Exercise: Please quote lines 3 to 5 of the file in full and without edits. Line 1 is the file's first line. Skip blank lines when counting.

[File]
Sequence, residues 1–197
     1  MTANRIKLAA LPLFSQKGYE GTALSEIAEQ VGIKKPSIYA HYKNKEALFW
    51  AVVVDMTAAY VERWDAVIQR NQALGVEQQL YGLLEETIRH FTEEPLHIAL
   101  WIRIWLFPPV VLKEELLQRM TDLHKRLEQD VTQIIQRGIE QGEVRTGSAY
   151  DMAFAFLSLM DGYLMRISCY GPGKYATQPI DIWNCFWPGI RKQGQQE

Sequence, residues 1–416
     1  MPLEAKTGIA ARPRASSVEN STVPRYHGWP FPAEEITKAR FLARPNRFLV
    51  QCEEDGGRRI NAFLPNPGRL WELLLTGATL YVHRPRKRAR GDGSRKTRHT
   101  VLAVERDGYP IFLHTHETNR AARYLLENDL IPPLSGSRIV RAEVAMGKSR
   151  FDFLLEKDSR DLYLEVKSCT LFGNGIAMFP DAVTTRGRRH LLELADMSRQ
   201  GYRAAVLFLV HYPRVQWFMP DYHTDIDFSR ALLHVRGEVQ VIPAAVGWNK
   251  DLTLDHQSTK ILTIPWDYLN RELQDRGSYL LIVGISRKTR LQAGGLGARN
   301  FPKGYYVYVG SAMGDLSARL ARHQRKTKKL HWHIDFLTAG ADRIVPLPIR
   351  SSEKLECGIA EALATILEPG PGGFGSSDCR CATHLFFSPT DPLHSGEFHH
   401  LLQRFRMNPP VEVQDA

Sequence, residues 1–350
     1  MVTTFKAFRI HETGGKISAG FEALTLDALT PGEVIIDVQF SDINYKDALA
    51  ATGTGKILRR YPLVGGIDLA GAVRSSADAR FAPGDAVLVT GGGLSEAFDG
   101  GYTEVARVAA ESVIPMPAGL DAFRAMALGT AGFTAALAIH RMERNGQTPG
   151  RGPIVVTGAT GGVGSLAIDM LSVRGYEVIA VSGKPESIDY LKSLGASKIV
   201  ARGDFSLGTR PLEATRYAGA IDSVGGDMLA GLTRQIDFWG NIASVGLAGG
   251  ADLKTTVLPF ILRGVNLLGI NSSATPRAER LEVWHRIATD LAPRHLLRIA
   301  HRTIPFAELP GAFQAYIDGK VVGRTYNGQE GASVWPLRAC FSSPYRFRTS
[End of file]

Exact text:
    51  AVVVDMTAAY VERWDAVIQR NQALGVEQQL YGLLEETIRH FTEEPLHIAL
   101  WIRIWLFPPV VLKEELLQRM TDLHKRLEQD VTQIIQRGIE QGEVRTGSAY
   151  DMAFAFLSLM DGYLMRISCY GPGKYATQPI DIWNCFWPGI RKQGQQE